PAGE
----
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An aerial view of Lawrence, Kansas, and the University of Kansas campus

Starting this fall, colleges and universities in Kansas will all deliver a similar core general education curriculum.

Jacob Boomsma/iStock/Getty Images

For many community college students, transferring to a four-year institution can be complicated as they navigate different requirements for general education courses and prerequisites for major programs.

To ease student burden in the transfer progress, the Kansas Board of Regents adopted Systemwide General Education, which will be in place starting with the 2024–25 academic year.

According to the new policy, all six state universities, 19 community colleges and the state’s municipal university, Washburn University, will participate in a common system framework, establishing clearer state oversight into the transfer process.

What’s the need: Community college students face unique challenges in transfer, with a significant number of students never making it to a four-year institution, much less earning a bachelor’s degree.

In fall 2023, upward transfer (from two-year colleges to four-year institutions) grew 7.7 percent year over year after falling 7.5 percent in 2022, according to data from the National Student Clearinghouse Research Center.

Credit loss in transfer is one of the biggest challenges for learners, because it increases time to degree and can increase the financial burden of attending college. The average student loses 43 percent of their credits in the transfer process.

Several institutions have invested in transfer initiatives to streamline the process for students, including an online transfer portal and degree mapping. In Texas, leaders created curricular pathway plans for specific degree programs to ease complications in transfer, with a 42-credit block that is accepted at all public institutions.

Kansas’ Board first discussed a systemwide general education package in fiscal 2020 and approved policy revisions in June 2022, to be applied in the 2024–25 academic year, joining other states in the region.

How it works: The new curriculum is comprised of 34 to 35 credit hours, organized into six discipline buckets (English, mathematics and statistics, communications, natural and physical sciences, social and behavioral sciences, arts and humanities) and one to be designated by the institution. (The one-credit variation depends on the institution’s natural and physical sciences category, whether it’s a four- or five-credit requirement.)

Within each bucket, students can select from a range of courses that apply toward their major, allowing for some flexibility. In mathematics, students no longer have to complete college algebra, a frequent gatekeeper course, but instead take a course that aligns better with their major.

The institutionally designated bucket is designed to allow for certain courses that don’t fit in other disciplines, such as a student success course, orientation, health and wellness, personal finance or diversity. For example, Kansas State University is utilizing the institutional bucket as an elective category.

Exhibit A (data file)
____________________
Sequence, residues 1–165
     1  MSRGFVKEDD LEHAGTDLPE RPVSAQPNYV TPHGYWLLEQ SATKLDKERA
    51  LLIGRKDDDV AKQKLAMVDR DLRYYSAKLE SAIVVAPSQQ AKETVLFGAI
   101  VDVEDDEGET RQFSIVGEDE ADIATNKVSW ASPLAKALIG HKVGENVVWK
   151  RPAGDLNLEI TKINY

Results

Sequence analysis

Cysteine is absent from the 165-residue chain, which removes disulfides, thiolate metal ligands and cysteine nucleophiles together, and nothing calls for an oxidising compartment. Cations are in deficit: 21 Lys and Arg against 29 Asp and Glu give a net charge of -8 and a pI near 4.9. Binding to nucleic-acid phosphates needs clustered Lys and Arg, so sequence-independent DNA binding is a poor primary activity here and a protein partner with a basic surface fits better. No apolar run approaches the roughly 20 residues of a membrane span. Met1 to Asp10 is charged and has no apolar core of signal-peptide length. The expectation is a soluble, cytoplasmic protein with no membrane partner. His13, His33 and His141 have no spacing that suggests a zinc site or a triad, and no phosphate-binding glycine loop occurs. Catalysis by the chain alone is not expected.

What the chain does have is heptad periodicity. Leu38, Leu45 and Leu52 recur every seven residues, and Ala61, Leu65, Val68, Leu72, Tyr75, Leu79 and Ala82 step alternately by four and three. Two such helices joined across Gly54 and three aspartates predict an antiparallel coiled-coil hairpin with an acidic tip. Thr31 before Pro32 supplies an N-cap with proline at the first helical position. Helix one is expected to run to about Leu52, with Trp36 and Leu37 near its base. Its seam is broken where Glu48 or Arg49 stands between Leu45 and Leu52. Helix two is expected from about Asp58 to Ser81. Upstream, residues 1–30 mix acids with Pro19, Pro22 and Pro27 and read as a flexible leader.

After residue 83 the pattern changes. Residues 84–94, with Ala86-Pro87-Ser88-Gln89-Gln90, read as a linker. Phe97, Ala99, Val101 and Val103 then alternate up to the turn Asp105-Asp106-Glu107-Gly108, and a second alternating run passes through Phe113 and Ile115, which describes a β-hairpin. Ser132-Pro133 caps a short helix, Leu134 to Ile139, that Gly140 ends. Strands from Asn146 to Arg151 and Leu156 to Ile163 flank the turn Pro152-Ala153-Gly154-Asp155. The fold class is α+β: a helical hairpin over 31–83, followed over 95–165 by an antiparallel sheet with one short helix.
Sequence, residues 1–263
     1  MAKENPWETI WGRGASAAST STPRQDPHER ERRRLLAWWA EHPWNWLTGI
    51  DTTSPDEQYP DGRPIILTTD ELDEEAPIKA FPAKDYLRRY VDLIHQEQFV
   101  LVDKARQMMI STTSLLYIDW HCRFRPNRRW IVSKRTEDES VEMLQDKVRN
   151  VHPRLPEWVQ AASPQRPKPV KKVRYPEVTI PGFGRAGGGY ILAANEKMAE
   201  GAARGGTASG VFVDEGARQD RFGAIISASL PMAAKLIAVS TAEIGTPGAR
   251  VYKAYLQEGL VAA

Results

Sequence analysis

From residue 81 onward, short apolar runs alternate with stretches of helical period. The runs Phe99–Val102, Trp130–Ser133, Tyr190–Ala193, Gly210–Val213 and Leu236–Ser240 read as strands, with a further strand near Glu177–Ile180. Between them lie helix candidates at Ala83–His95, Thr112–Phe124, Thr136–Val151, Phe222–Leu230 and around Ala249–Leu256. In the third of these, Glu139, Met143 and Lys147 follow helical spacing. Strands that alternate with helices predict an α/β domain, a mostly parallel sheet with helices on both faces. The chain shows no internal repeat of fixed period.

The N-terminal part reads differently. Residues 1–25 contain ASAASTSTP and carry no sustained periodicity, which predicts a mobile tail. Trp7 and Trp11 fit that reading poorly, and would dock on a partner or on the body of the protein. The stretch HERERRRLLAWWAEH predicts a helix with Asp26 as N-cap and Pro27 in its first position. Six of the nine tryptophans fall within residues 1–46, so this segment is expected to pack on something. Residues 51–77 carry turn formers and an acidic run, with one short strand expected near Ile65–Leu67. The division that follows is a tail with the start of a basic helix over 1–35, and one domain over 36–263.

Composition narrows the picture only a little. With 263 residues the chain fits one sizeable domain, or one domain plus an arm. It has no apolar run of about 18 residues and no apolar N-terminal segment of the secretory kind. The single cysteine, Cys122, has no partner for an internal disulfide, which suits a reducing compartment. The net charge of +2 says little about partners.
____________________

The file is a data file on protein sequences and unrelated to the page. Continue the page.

Each category must also be identified by its “bucket” to keep common terminology and consistent themes for prospective, current and transfer students, as well as academic advisers and high school counselors to identify commonalities across the state.

Once a student completes all 34 or 35 credits, they will receive an official transcript that indicates they’ve completed GE requirements, which institutions must accept. There may be some exceptions for prerequisites, but to require students to retake courses that have fulfilled statewide requirements, institutions must file requests to be reviewed by the board, adding oversight to the process.

If a student doesn’t complete the entire package, institutions will evaluate their transcripts and apply courses into the discipline buckets as is relevant.

In addition to standardizing general education courses, the new policy also creates reporting requirements and a GE council, which will be responsible for reporting, recommendations for deviation from requirements and investigating any complaints from students or institutions related to the process.

Technical colleges are not participating in the systemwide GE, because their degrees are most often an associate in applied sciences, which is not primarily designed for transfer.

Put into practice: To meet requirements, colleges and universities had to report their general education courses and requirements, which was met with some frustration by faculty members, according to Wichita State University’s student paper, The Sunflower.

Reviewing the curriculum to be aligned with requirements has been a “herculean lift” for faculty, Phil Speary, dean of institutional effectiveness and co-interim vice president of academics at Butler Community College, shared in a news release.

All institutions will apply the new model for students as of 2024, aligning incoming first-time, dual-enrollment and transfer students on the same paths. At Fort Hays State University, Emporia State University and Pittsburg State University, students were placed in KBOR core curriculum starting last fall.

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